The skin's NMF: Your way to a hydrated complexion

The skin's NMF: Your way to a hydrated complexion

Many of us dream of achieving smooth, silky-soft skin with a healthy, youthful glow. However, the path to this result can depend on a multitude of factors, one of which is the skin's Natural Moisturizing Factor (also known as the skin’s NMF). But what does the skin's NMF actually indicate, and why does it play such a crucial role in the appearance and well-being of our skin?

Read along as we share all you need to know about this essential component in your skin's well-being.

What is the skin's Natural Moisturizing Factor?

The skin's natural moisturizing factor is located in the outermost layer of the skin, also known as the stratum corneum. Its primary function is to bind water in the skin to keep it healthy and hydrated. The skin's NMF consists of hydrophilic molecules, including a combination of various components such as free amino acids, lactic acid, hyaluronic acid, and urea/carbamide.

The skin's NMF is an essential part of the skin's moisture barrier, working to keep harmful factors out and beneficial factors inside the skin – because a healthy moisture barrier is crucial for the skin to stay healthy and resilient. In other words, the skin's NMF is one of its natural properties that helps it stay strong, smooth, and supple.

How do I know if my NMF is strong?

The skin's NMF varies widely among individuals. While some may have a naturally high NMF, others may fall on the lower end. Like many other aspects of our skin, our NMF is determined by genetics, but it can also be influenced by external factors such as the environment and pollution. Additionally, our natural NMF decreases over time, which is one of the reasons signs of aging begin to appear on the skin as well as our skin’s texture becomes rougher.

If you have dry skin or struggle with an inflammatory skin condition such as rosacea, your skin is generally more likely to have a lower NMF.

As mentioned, our skin's NMF is determined from birth and is, therefore, biological and unchangeable. However, just as we can improve our genetic skin type, we can also improve our skin's NMF. Keep reading to learn how.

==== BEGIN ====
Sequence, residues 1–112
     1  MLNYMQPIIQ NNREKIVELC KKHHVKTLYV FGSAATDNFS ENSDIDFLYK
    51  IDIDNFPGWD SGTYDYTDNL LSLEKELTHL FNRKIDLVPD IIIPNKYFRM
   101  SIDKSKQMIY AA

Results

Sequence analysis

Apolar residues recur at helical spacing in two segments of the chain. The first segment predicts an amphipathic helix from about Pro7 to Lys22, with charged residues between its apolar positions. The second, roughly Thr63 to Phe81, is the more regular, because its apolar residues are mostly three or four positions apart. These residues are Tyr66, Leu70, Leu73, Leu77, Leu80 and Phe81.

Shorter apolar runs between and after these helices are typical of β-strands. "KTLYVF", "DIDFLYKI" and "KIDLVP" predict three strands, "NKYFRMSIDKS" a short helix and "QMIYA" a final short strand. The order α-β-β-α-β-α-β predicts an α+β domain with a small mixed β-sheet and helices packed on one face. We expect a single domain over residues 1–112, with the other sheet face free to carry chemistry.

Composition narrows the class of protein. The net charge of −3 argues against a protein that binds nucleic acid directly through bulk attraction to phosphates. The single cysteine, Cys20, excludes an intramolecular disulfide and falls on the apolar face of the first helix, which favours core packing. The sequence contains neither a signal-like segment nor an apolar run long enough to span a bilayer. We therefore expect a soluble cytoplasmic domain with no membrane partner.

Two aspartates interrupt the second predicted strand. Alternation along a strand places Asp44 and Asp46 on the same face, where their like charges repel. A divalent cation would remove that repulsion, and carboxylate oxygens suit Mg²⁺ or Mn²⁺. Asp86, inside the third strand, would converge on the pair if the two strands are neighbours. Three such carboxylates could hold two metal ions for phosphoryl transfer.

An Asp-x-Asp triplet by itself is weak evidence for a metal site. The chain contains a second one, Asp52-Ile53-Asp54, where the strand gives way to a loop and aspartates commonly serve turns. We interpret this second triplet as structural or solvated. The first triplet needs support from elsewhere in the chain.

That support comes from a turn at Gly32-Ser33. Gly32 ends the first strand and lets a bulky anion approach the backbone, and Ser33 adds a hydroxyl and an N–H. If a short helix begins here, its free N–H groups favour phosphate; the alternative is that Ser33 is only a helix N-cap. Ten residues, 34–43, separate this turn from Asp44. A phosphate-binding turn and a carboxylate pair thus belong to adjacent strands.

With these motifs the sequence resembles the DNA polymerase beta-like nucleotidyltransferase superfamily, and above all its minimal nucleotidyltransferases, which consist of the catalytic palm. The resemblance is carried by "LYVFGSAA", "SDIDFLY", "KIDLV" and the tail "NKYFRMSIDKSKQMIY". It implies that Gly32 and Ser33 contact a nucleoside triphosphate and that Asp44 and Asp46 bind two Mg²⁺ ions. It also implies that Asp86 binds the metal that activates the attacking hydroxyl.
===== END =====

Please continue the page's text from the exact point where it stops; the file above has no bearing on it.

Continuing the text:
How to improve your skin's NMF with your skincare

As previously mentioned, the skin's NMF consists of various components that help enhance the skin's elasticity as well as its moisture content. By incorporating these components into your skincare routine, you can promote the properties of your skin's natural NMF. In other words, your skincare can help strengthen the skin's natural processes and provide the essentials to keep it healthy and strong. 

Hyaluronic acid is a naturally occurring substance in the skin that attracts and encapsulates moisture, promoting a plump, smooth, and elastic surface. It's a popular ingredient in skincare, especially for its ability to maintain skin suppleness and reduce the visibility of fine lines. You can find hyaluronic acid in a variety of woods_ products, such as our daily moisturizers, Intense Hydra Serum, and Intense Hyaluronic Mask.

Carbamide, also known as urea, is a moisturizing ingredient that helps soften and hydrate the skin by, like hyaluronic acid, absorbing and binding water in the skin. With its ability to improve skin balance, this ingredient is generally beloved in the skincare world. You can enjoy its benefits with products like our Intense Hyaluronic Mask.

These ingredients work in the skin as humectants, which "draw" moisture from the surrounding air into the stratum corneum, where the moisture barrier is located.

f you are curious about these types of ingredients and want to learn more about their effect on your skin, you can learn even more about them in our blogpost Hydration 101: Moisturizers versus emollients.

If you want to know more about the skin's barrier and its impressive properties, you can delve deeper into the topic in the blog post The Skin Microbiome: Where Good Skin Begins.

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